Having a clear methodology in place across all MLOps stages helps teams navigate potential risk. With an MLOps framework in place, organizations can ensure that they aren't implementing models into their workflows without understanding and evaluating all the core components first.

2. Have a production-first mindset

A successful MLOps pipeline begins with the end in mind. In Implementing MLOps in the Enterprise, Haviv and Gift describe this approach as a "production-first mindset."

"A production-first mindset means that you have a critical thinking style when you're putting something into production," Gift said.

Adopting a production-first mindset means that teams constantly and critically evaluate the entire MLOps process, from goal inception through deployment and continuous monitoring. Maintaining a skeptical outlook and keeping an eye on the full picture can help model developers avoid tunnel vision and instead consider the pipeline holistically.

3. The less you can do, the better

Another core tenet of a successful MLOps initiative is to decrease complexity whenever possible.

"A big component ... is to reduce the complexity of what it is an organization is doing," Gift said. "The less things you do for yourself, the less complexity you have in your organization, [and] the greater the chance of success that an organization will have."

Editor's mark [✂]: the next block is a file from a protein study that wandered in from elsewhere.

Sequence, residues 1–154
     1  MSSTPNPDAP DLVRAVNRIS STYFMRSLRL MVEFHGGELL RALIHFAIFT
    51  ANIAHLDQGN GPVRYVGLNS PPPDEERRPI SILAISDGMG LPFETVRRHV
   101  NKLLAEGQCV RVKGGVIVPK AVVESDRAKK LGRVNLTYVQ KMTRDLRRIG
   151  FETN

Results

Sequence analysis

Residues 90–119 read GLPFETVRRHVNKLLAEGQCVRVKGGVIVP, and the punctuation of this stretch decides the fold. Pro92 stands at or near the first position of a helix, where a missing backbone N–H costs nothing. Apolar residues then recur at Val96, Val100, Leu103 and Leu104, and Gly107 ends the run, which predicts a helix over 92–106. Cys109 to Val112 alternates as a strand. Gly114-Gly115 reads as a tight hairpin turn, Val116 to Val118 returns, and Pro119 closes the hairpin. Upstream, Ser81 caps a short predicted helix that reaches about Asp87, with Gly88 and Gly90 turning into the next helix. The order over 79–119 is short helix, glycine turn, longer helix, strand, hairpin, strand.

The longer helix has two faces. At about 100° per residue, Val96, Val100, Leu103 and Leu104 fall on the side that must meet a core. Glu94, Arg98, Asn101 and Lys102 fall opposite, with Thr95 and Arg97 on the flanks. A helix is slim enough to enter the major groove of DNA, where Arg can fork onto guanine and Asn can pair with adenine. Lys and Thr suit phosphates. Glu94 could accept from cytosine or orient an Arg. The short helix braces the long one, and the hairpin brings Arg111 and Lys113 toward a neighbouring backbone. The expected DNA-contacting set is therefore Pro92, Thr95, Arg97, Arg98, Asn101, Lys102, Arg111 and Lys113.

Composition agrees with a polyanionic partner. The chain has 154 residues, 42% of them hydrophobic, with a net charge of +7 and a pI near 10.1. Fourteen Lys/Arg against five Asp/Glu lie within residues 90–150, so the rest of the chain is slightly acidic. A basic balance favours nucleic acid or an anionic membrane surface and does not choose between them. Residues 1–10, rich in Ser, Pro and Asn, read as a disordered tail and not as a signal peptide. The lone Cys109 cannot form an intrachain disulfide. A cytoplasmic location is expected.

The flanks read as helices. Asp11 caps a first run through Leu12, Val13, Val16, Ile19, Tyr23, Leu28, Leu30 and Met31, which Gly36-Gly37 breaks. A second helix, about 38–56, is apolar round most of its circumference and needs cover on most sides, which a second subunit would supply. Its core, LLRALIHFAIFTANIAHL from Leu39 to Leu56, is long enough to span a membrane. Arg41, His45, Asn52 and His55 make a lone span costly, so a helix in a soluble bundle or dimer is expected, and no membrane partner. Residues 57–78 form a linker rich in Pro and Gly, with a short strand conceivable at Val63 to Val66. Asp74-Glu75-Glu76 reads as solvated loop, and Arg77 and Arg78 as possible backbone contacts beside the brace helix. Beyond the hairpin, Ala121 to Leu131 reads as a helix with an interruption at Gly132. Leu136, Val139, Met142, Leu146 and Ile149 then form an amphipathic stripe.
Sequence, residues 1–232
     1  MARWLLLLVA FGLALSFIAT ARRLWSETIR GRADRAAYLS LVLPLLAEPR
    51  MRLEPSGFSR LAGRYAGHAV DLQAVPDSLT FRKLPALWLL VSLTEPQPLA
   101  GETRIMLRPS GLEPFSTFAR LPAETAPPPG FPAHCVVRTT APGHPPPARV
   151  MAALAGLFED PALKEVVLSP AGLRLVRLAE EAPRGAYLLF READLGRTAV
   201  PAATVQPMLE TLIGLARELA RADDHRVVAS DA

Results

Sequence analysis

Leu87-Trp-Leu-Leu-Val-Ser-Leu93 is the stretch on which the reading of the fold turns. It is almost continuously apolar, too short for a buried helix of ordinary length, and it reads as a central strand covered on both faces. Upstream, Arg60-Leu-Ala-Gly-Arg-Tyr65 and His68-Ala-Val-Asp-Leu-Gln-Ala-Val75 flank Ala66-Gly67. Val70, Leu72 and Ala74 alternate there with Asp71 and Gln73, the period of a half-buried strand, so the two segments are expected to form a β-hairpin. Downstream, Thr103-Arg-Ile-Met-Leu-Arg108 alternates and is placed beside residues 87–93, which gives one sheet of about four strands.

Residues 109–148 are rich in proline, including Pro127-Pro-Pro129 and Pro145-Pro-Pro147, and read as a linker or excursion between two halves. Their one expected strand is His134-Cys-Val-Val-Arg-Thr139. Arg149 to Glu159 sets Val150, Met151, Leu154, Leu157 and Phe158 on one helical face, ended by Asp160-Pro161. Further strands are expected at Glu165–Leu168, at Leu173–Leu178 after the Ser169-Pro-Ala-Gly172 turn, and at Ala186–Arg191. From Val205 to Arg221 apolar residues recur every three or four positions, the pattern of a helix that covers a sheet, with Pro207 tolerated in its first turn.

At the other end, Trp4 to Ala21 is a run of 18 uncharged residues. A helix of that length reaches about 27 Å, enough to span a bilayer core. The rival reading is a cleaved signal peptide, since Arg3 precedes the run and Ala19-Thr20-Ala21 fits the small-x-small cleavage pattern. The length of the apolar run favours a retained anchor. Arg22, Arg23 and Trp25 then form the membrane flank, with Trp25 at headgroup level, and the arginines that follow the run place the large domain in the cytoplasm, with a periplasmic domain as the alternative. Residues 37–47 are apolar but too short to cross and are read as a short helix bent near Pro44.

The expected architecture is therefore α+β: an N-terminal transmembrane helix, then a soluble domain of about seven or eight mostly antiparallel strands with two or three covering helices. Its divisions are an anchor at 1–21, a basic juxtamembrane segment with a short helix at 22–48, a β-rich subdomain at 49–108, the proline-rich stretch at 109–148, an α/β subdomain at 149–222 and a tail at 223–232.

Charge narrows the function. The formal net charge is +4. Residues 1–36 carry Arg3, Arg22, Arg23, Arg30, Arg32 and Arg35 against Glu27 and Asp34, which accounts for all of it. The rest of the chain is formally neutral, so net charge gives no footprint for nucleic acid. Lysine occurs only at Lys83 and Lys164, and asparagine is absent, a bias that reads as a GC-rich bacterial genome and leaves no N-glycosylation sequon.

While organizations can reduce their MLOps initiatives' complexity in several ways, two practical options are to integrate continuous integration/continuous delivery (CI/CD) pipelines and use pretrained models.

At the heart of CI/CD is the feedback loop, which can signal areas for improvement to MLOps teams, Gift said. That feedback can come from an array of continuous improvement mechanisms, including automated linting, testing and deployment.

"The CI/CD pipeline is almost like a truth serum ... something that's just constantly interrogating your code and making it better," Gift said.

Another way to decrease complexity is to use pretrained models rather than building an ML model from the ground up. Rapid technological advancements in AI and ML are beginning to lead to model parity, Gift said -- in other words, many of today's pretrained models operate at similar levels of performance.

Building your own model often doesn't result in beneficial ROI due to the time and resources required, especially for generative AI models that require large amounts of data and compute. Adopting a well-researched pretrained model that is a good fit for an organization's specific needs can save time and money, enabling teams to concentrate on other aspects of the MLOps pipeline and make better use of their organization's strengths.